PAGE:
Here is an excerpt from an interview we had exactly a year ago with the late dancer and choreographer Lynsey Lynn who sadly passed away yesterday. We shall give you a follow up tribute article.
By Tafadzwa Gambiza
We can not talk of the 21st century Zimbabwean dance industry without mentioning Lynsey Lynn real name Lynsey Chenai Mambwere (nee Nyamakwenje) who is arguably one of the most consistent dancers. We managed to link up with Lynn and we had the following conversation with her, all things dance.
Q:: I can safely say that you have greatly shaped the dance industry. We are still trying to build the industry. What are some of the changes that you have seen from your early days till today?
A:: There is an increase in the number of dancers who are taking dance seriously as their career or profession and not just a hobby or part-time thing. There is also an increase in the number of female dancers. Dancers are using digital platforms more. There are now more collaborations. Back then just being too friendly to someone from a rival crew used to cause problems.
Q:: Are female dancers of the 21st century still facing some form of stigma from society as it was back in the old days?
A:: Yes, they are. Believe it or not. It is getting better but we still have a long way to go.
Q:: You are a strong activist of gender equality and female empowerment. Are female dancers getting enough support or we still have a lot of work to put in? Are their voices being heard?
A:: Their voices are now being heard but a lot of female dancers still don’t have the courage to put themselves out there and speak out or stand for what they believe in or value. You can only be heard if you are saying something.
We generally have a lot of work to put in in terms of supporting dance in general in Zim but more so for females than males.
Q:: Let’s talk about your next chapter. You got married to Sean Mambwere who is also a dancer and choreographer. You guys choreographed your own wedding. Which sparked joy and surprise all over the industry with over 2 million views. How was the feeling?
A:: The feeling is inexplicable. It is always amazing to do what you love with the one you love and share that joy with friends and family. We greatly appreciate the support that we have been getting.
Q:: The new generation has its own style of dance. Tik Tok has greatly impacted the new generation. Does this style of dance have any negative effects to the schooled dancers?
A:: I don’t think that it has a negative effect. Everything has its own perfect setting and where it belongs. Tik Tok videos are mainly for entertainment and growing your following. At the end of the day, you will have to dance according to the occasion (15sec chores won’t cut it or live performances or productions or competitions).
Q:: You have traveled so many times. What have you seen that we should quickly adapt to uplift our industry ??
A:: There are so many things.
• Learn from each other and collaborate more (you can never reach the level where you stop learning).
• Professionalism (planning, punctuality, time management, how we handle clients, how we carry ourselves in public, etc).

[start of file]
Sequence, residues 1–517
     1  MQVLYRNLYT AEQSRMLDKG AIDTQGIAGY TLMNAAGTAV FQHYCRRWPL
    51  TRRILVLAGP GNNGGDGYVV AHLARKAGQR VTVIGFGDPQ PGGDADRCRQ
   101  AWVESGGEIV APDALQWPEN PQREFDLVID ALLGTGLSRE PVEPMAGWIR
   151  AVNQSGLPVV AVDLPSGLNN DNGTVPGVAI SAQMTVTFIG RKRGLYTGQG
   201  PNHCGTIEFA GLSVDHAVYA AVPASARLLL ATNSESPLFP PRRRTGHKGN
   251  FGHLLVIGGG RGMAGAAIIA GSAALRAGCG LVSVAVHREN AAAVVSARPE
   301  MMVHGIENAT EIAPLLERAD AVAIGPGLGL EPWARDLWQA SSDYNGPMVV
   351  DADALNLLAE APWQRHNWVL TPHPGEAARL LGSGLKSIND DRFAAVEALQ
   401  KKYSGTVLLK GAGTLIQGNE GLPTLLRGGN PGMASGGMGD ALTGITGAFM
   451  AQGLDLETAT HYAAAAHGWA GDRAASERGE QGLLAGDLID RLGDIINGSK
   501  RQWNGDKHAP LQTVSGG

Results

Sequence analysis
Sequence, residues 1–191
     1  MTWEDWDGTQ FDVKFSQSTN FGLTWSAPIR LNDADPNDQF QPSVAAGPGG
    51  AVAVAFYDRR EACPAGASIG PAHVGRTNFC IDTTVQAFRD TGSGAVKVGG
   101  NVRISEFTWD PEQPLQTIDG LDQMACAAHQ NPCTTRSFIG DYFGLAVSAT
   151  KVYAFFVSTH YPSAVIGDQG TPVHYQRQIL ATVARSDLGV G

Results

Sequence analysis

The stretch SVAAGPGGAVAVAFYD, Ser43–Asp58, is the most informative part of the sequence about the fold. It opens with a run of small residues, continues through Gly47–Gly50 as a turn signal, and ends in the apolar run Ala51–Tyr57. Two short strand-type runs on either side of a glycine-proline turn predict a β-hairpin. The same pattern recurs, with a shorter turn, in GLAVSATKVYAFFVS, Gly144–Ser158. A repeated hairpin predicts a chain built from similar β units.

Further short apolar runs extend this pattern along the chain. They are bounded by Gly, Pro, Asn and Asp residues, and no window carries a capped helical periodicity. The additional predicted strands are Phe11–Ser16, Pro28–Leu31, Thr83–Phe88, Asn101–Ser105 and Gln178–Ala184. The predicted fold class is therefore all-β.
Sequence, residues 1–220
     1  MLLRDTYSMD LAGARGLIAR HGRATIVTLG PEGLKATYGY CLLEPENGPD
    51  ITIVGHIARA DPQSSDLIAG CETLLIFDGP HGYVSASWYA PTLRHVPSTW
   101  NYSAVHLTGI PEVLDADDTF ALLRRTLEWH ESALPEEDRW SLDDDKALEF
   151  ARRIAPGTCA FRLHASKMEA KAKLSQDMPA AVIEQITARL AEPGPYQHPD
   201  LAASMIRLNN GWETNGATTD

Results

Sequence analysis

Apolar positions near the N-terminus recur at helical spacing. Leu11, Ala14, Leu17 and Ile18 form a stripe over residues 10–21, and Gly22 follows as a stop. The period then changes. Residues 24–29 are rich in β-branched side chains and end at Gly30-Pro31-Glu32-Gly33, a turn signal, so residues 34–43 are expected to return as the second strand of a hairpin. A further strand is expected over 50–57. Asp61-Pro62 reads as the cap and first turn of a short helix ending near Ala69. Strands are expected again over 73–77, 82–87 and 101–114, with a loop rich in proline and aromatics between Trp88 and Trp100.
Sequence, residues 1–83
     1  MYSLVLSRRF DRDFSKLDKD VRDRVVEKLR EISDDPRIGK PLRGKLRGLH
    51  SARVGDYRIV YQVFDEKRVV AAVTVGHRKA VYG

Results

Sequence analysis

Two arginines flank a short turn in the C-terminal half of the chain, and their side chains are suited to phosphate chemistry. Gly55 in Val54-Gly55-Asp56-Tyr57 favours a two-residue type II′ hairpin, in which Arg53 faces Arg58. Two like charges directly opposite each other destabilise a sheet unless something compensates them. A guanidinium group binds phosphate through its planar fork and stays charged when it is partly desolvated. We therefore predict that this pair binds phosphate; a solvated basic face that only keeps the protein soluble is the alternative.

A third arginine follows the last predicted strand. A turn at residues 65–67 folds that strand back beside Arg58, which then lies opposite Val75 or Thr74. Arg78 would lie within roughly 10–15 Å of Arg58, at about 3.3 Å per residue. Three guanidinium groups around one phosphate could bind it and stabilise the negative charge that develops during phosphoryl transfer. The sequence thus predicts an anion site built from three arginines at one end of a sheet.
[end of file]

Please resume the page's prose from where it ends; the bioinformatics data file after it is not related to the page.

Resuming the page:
• Investing in our craft
• Setting standards as an industry (so many dancers don’t know how to value themselves and are taken advantage of. If there were set standards it would help them).
• Need more dance schools
We should value ourselves first before we expect everyone else to value dance.
Q:: You have more than 15 000 subscribers on YouTube, which is very hard to get in Zimbabwe. What are the advantages for a dance to have a strong and stable social media presence?
A:: You never know who gets to look at your work. It’s easier to get gigs because you are always in their feeds. With social media, your clientele is not limited to locals only. Whenever you approach someone or someone approaches you all you have to do is to send links (your work will speak for itself). You can generate an income from your social media.
Q:: You have been on a number of stages and you have worked with a number of artists. Some dancers complain that they get paid peanuts after a project. Do you face the same as well ?
A:: I have had my fair share of such experiences and I learned from them. A number of things lead to such experiences. If you don’t value your work or make the artist see your value you will get peanuts. If the quality of your work is poor you will get peanuts.
Q:: You have successfully managed to develop yourself as a brand. Professionalism lacks in some dancers. Some dancers ignore business workshops thinking that it has nothing to do with their craft. What can be done to educate these dancers?
A:: Keep on hosting the workshops. It may take time but at some point, they will realize that even with better skills some dancers have an advantage over them because of the knowledge they get from these workshops.
Supporting others doesn’t dim your light.
Q:: Any last words to other dancers?
A:: You can never reach a level where you no longer need to learn. Invest in your craft. Know who you are, what you stand for and value your work.